When asked about specific policies to help students immediately, Serio, the dean of natural sciences, mentioned plans in motion to make sure every department has an established, published procedure for graduate students to change advisers should problems emerge. Serio and other officials have also been planning a special retreat with GWIS to explore measures to improve the campus climate.

Subbaswamy said that since 1997, there have been three failed attempts to implement a consensual relationship policy — for example, requirements to disclose when there is a relationship between someone in authority over another person.

“And we’re restarting it,” he said. “This is ridiculous — we’ve got to adopt something.”

When asked what they learned from the GWIS report on sexual violence in UMass STEM, administrators all expressed their sadness and horror at how prevalent those abuses apparently are at the university.

“When I read it I was taken aback,” Anderson said. “It changed me.”

Bryant, who was co-moderating the panel, responded with a call to give the entire university that same experience administrators had when reading the report.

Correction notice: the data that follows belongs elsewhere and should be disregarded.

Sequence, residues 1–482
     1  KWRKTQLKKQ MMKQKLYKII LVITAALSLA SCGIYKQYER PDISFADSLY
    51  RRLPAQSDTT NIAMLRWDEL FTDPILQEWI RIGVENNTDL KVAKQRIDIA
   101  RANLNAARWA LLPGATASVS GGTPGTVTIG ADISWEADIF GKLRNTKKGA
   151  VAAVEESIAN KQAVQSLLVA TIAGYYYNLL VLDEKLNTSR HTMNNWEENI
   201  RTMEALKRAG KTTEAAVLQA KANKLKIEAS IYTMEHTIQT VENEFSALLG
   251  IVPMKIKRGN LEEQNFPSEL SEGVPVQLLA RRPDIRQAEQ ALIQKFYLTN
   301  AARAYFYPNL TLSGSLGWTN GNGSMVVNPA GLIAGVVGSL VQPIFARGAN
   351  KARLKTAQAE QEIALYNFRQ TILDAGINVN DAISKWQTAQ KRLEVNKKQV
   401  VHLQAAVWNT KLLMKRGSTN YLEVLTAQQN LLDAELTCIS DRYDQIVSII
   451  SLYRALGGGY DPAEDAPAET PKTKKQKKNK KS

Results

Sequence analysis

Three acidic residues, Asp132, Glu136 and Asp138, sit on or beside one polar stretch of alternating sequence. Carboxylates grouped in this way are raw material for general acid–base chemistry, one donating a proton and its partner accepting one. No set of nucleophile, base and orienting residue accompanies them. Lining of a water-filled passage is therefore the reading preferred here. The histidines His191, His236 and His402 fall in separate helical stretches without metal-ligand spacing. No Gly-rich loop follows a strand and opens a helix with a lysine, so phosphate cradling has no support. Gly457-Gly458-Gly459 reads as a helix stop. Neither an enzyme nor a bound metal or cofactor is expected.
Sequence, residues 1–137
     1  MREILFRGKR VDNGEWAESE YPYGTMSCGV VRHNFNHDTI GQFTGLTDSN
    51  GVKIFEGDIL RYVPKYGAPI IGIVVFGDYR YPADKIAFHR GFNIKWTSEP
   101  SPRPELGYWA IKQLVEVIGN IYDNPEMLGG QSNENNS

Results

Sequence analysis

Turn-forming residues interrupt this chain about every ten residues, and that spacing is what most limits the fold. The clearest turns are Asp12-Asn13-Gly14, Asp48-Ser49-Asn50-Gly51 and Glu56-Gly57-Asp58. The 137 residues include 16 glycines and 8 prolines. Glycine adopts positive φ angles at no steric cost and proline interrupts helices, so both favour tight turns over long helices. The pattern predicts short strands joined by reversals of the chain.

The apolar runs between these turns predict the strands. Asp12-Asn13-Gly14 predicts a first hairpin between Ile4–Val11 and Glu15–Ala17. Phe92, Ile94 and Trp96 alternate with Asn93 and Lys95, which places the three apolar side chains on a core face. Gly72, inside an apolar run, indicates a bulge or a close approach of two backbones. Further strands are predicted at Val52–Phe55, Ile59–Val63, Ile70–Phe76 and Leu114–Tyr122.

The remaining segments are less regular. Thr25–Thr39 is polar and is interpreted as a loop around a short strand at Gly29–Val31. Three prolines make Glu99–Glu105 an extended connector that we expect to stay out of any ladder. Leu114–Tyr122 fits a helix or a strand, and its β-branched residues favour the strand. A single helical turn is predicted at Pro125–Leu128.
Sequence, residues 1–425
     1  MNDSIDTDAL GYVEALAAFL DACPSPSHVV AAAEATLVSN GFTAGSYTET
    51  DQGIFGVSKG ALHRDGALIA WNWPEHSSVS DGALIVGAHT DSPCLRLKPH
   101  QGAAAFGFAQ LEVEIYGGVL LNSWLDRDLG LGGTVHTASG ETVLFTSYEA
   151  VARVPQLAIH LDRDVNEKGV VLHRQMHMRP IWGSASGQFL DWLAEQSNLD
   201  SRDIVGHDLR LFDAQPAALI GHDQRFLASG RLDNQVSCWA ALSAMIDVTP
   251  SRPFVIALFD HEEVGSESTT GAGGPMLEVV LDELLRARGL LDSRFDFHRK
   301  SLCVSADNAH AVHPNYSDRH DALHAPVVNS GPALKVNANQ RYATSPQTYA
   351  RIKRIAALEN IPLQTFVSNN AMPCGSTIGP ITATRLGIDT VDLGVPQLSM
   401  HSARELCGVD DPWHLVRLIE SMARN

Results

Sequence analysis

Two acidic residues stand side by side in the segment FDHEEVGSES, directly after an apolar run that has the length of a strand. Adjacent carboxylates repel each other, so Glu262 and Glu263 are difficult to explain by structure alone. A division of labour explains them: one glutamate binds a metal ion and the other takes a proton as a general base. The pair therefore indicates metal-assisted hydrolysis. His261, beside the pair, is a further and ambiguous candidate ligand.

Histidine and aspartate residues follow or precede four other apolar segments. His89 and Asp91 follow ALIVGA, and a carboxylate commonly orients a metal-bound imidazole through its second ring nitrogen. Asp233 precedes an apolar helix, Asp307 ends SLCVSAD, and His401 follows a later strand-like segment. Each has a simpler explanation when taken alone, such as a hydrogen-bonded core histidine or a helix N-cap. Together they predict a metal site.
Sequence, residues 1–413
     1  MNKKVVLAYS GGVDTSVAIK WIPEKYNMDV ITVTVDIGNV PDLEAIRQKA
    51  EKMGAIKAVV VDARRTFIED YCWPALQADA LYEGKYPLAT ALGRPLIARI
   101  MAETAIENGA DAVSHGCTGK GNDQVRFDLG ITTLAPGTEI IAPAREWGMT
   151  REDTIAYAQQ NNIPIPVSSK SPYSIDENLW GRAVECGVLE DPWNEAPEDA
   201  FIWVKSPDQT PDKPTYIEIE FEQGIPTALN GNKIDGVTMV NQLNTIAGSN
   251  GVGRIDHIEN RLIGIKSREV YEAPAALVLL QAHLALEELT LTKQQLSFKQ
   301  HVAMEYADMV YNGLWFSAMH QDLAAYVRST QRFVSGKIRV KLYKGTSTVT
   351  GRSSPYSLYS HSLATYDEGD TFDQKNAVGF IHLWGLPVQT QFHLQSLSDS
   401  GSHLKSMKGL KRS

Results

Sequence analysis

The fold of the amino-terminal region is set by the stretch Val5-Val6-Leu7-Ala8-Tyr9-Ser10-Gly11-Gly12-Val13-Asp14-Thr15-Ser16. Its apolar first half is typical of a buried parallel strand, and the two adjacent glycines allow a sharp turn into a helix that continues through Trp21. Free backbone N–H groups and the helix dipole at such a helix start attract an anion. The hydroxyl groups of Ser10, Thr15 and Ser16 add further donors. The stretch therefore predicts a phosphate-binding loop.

“I work in a lab where the strongest acid is acetic acid, and I had to sit through, like, fire training and wearing my gloves and all that stuff,” Bryant said to the panel. “Where is that effort to incorporate narratives like this, or stories like this, into that kind of health and safety training? I learned how to put out fire, but I didn’t learn about these statistics or learn about these stories.”

Bryant told the Gazette that one purpose of the panel was to rebuild trust between administrators and distrustful students, so that they can be effective collaborators in the struggle against sexual violence. In that light, she put to the school officials the opportunity to highlight themselves as a member of the administration who is open to having discussions and changing an entrenched culture.

“We’re here,” acting Provost McCarthy said, drawing praise from the organizers for opening up dialogue.

As administrators answered that question, the largest words of feedback on the screens above echoed the organizers’ response to the event afterward: “first step.”

Dusty Christensen can be reached at